Finding Us Doing Human Things — Educational Travel in a Time of Pandemic

During a time of pandemic, it can be tempting to simply cancel such trips, especially when they involve travel abroad. Cancelation appears as the obvious solution; consideration of alternatives takes time, effort, and creativity. Is it worth it?
The Ambrose School is among many who make travel an integral part of their educational experience. During a time of pandemic, it can be tempting to simply cancel such trips, especially when they involve travel abroad. Cancelation appears as the obvious solution; consideration of alternatives takes time, effort, and creativity. Is it worth it?
This presentation will use Ambrose as a case-study-in-process for considering how to deal with this scenario. Ambrose’s experience in the last 6 months has provided fodder for discussion on the topic— from postponing a trip from fall to spring to tracking with travel restrictions as a gauge for trip feasibility to communicating regularly with a tour agency on topics including refund policies and possible alternative plans. Contingency plans are also being considered, whether that be overseas alternatives to Ambrose’s normal trip to Italy, France and the UK or domestic trips to the United States northeast corridor cities. Most importantly, however, the pandemic has provided a context in which Ambrose is challenged to revisit the telos of a classical Christian approach to educational travel. What is gained by such trips and what is lost by their cancellation? 

Bill Miller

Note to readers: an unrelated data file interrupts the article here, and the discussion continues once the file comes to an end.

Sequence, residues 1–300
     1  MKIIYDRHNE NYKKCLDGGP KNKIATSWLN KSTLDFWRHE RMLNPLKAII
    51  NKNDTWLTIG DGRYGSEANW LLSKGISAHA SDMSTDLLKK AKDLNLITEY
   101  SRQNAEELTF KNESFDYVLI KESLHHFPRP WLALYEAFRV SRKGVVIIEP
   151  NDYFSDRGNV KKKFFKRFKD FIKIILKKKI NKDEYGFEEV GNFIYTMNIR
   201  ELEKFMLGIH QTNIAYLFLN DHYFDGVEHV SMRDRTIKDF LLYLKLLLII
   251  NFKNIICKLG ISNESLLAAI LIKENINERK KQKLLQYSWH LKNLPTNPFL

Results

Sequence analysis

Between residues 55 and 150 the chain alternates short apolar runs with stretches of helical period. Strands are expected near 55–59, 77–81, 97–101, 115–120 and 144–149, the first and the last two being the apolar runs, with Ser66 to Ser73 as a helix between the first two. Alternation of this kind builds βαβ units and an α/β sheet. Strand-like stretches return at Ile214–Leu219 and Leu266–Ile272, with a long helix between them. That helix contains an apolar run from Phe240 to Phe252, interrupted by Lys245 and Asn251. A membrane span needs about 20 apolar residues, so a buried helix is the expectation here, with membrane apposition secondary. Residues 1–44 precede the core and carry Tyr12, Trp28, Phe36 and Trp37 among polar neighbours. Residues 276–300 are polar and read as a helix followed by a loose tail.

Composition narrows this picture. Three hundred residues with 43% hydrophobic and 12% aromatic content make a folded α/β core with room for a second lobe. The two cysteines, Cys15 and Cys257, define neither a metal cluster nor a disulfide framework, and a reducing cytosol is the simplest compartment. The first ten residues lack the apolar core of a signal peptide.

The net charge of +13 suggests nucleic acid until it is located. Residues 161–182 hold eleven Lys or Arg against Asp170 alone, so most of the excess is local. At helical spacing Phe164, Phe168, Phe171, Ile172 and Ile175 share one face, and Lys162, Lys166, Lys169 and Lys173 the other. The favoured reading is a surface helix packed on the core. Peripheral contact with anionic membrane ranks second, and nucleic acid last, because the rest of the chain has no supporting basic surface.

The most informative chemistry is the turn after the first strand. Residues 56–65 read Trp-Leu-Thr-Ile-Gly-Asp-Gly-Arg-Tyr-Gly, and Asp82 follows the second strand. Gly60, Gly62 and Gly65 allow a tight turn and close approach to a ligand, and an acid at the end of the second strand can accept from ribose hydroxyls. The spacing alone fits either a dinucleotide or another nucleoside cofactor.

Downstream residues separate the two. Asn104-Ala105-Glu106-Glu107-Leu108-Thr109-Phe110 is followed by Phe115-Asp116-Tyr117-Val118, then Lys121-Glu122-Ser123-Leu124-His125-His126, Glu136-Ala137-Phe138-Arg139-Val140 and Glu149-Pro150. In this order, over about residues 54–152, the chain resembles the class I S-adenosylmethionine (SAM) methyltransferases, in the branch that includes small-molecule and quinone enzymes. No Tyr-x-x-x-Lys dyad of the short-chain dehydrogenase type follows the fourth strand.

Raised in central Arizona, Bill received an engineering degree from Brown University. He served as a campus minister for seven years at the University of Arizona, Stanford University, and Osh State (Kyrgyzstan), going on to complete a M.A. in Politics and Ph.D. at the University of Dallas. After grad school, he moved with his family to the Czech Republic, where he served for 8 years as a lecturer with Anglo-American University and New York University’s study abroad program. Returning to the US, Bill taught at a Christian great books program in Minneapolis that included a 5 week course on fine arts in Florence, Italy. In graduate school he experienced meaningful conversations involving the great thinkers of Western civilization, fellow students, professors and the Truth of the Scriptures. Bill’s view of reality expanded; he was humbled and challenged to communicate with clarity, kindness and grace. The skills, knowledge and wisdom came with responsibility and implications for every area of life—from parenting to managing work projects to serving in the church. Bill longs to see God impart the Gospel as well as that kind of education to other young men and women. He and his wife Lisa have been married 25 years and have two sons: Caleb (23) and Joshua (20). He enjoys traveling, hiking, working out, and watching football of both kinds. Another lesser love is gastronomy, as they say in the Old World—aka cooking and sharing good food & drink with others.

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